Continuing my series looking at Les Nabis, I turn next to Félix Vallotton (1865–1925), a painter and print-maker whose work I thought I knew until I started to research what was going to be just one or two articles.
I then realised that to do him any justice at all would require a series of four or more – and that’s without considering his prints. I hope that you’ll agree by the end of this series that Vallotton was a key figure in the development of modern figurative painting in the twentieth century. And that his paintings are wonderful.
Félix Édouard Vallotton was born in Lausanne, in Switzerland, and moved to Paris in 1882 to study under Jules Joseph Lefebvre and Gustave Boulanger at the Académie Julian. His early influences included the paintings of Ingres, and he started painting portraits which followed the academic tradition.
Among those early works is this Self-portrait at 20 from 1885.
In the late 1880s he learned to make prints, apparently through his friendship with the Polish artist in his painting of Félix Jasinski in his Printmaking Studio from 1887. Although Jasinski was successful at the time, his work now seems to have been largely forgotten. Vallotton soon became fascinated by Japanese woodcuts, including ukiyo-e which had become so popular in the late nineteenth century. He collected them, and in 1891 started making his own woodcuts.
At this time, his painting was decidedly Naturalist in subject and style. The Sick Girl from 1892 uses a theme which was popular with Naturalist painters throughout the 1880s and into the 1890s. His model was his muse and lover Hélène Chatenay, whom he had met in 1889. They remained a couple until the late 1890s, and in 1907 she was tragically killed by a car.
Vallotton’s highly detailed realism here extends to showpiece surface reflections from the glassware and polished wood, but he curiously obscures the face of the young woman in her sickbed by reversing the bed’s normal orientation. Many of his apparently humdrum interiors have unusual twists such as this, which add strangeness which was later to be formally exploited in Surrealism. Another odd feature in this painting is that the maid who has just entered the room appears to be heading towards the viewer, and isn’t even looking towards her patient.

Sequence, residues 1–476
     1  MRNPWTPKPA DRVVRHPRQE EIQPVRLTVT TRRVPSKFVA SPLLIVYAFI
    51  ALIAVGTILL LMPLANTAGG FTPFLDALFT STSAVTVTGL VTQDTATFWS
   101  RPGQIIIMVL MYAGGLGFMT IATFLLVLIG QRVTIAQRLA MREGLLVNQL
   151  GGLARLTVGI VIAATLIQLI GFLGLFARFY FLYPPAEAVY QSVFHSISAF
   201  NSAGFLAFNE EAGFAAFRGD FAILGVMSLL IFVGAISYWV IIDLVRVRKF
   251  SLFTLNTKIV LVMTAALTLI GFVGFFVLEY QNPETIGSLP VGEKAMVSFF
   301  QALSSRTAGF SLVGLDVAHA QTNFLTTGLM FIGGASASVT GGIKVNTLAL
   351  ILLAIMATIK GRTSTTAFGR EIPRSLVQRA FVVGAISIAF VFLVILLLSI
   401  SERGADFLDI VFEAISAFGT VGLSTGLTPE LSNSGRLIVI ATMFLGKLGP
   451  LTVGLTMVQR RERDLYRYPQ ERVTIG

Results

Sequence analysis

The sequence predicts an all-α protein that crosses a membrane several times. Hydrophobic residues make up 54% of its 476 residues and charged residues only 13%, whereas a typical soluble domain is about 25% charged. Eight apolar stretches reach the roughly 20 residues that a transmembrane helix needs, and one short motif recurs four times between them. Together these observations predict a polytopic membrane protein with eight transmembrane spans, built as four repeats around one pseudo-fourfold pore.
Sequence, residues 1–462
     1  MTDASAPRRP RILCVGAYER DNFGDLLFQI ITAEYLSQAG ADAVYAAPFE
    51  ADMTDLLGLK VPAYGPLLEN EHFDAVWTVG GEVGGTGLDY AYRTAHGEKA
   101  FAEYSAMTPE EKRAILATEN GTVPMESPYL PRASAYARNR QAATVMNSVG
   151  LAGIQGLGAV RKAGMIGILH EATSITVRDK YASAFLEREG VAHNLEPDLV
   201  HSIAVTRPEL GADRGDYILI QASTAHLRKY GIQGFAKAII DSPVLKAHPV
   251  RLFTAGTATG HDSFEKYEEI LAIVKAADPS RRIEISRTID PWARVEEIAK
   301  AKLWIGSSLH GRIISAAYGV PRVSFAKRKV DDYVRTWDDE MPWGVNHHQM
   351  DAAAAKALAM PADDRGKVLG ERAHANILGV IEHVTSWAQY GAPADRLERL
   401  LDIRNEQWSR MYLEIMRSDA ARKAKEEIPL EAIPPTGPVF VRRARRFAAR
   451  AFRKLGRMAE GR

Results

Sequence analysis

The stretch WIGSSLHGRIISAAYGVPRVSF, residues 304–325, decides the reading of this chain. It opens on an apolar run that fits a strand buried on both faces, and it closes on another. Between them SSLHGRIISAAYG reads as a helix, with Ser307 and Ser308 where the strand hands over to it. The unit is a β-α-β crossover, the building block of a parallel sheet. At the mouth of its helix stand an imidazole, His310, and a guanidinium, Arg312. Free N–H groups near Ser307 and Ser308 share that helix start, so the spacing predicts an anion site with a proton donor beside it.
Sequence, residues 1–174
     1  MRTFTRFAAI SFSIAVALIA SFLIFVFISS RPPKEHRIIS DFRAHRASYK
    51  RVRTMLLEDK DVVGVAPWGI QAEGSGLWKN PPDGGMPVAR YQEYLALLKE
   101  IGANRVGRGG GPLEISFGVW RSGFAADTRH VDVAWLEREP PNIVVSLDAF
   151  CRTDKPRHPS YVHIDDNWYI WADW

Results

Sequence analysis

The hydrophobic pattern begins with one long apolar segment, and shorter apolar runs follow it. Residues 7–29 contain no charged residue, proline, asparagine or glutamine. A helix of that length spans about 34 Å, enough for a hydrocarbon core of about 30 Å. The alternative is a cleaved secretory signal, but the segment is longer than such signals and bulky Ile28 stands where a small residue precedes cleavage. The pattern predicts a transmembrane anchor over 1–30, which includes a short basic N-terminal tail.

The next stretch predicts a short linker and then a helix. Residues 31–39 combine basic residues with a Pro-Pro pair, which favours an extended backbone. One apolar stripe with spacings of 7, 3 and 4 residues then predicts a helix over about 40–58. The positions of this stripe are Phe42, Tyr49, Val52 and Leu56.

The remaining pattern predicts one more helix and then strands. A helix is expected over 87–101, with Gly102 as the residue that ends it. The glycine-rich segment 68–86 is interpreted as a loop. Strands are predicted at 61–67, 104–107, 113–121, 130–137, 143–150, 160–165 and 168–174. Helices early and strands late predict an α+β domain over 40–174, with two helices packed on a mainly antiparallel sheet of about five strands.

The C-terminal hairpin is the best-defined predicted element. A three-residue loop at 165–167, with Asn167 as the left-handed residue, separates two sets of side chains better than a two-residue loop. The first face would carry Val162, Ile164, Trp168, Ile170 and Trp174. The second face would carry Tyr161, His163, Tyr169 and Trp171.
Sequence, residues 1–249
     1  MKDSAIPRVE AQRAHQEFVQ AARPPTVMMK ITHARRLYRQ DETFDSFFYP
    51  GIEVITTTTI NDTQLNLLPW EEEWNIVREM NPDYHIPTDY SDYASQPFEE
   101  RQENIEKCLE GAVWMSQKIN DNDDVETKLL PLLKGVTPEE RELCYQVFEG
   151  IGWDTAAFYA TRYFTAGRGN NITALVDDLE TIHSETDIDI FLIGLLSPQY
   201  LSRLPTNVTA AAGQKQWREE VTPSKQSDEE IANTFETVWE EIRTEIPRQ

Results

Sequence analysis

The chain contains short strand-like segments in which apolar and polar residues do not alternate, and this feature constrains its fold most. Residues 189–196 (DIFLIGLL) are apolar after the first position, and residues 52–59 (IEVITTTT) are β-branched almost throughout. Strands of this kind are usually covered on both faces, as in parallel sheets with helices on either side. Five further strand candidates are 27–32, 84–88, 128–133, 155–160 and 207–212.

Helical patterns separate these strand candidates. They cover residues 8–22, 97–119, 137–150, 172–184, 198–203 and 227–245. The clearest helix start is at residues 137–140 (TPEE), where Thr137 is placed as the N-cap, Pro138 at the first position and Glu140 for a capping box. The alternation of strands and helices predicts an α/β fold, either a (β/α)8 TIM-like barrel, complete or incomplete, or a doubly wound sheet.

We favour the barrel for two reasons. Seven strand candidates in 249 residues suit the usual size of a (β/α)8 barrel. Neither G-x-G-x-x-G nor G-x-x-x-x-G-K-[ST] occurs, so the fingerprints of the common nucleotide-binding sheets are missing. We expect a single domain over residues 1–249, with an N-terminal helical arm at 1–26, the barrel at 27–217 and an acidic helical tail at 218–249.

La Cuisinière au fourneau, or The Cook at the Stove from 1892 is another domestic genre scene drawn from Naturalism, and features Hélène Chatenay as Vallotton’s model. She stands at the solid-top range in a kitchen strangely almost devoid of the one thing that kitchens are for: food. The only edible item visible is a bunch of onions suspended in mid-air. Everything – the chairs, pots and pans, and the range itself – is spotless as if they have never been used, and appear unnatural.
In 1892, Vallotton made lifelong friendships with key members of the Nabis, including Pierre Bonnard, Ker-Xavier Roussel, Maurice Denis, and Édouard Vuillard. Because of his Swiss origins, he was dubbed the Foreign Nabi.
His most overtly Nabi painting is Bathing on a Summer Evening from 1892-93. These flattened and stylised figures representing women of all ages have been applied like collage to a background reminiscent of some of Ferdinand Hodler’s alpine meadows.
In 1893, Vallotton painted his remarkable Waltz, on which he appears to have sprinkled thousands of multi-coloured dots which give its surface a fine sparkle. Couples sweep across an unseen dance floor, embraced in a lover’s waltz, with just one of their faces clearly visible.
Unlike Pierre Bonnard, Vallotton doesn’t appear to have painted many views of the city itself, but this Street Scene in Paris from 1895 shows more Nabi style and some overlap with Bonnard’s contemporary motifs, even down to the dog wandering in the middle of the road.
Like the other Nabis, Vallotton became involved with the Natanson brothers, and their magazine Revue Blanche published a series of ten of his prints of interiors in 1898. He provides us with a glimpse into the private life of Misia Natanson (as she was at the time) in his Misia at Her Dressing Table (1898), which again shows Nabi style.
As Vallotton moved on from his brief affair with the Nabis, and the group itself disintegrated, he experimented with unusual points of view, as in The Ball from 1899. A young girl is chasing her red ball, as two women talk in the distance. This is seen from mid-air above the girl, forming a simple but compelling motif with an air of mystery.
On Dieppe Beach from 1899 reduces a scene on the north coast of France as only a printmaker could, to discrete forms filled with colour: the textured sand, sea, sky, and the simplified shapes of the three figures with a parasol.
In 1899, Vallotton married Gabrielle Rodrigues-Henriques, a rich young widow who already had three children. The following year, he was granted French citizenship. In the early years of the new century, he was to concentrate on painting more strange motifs.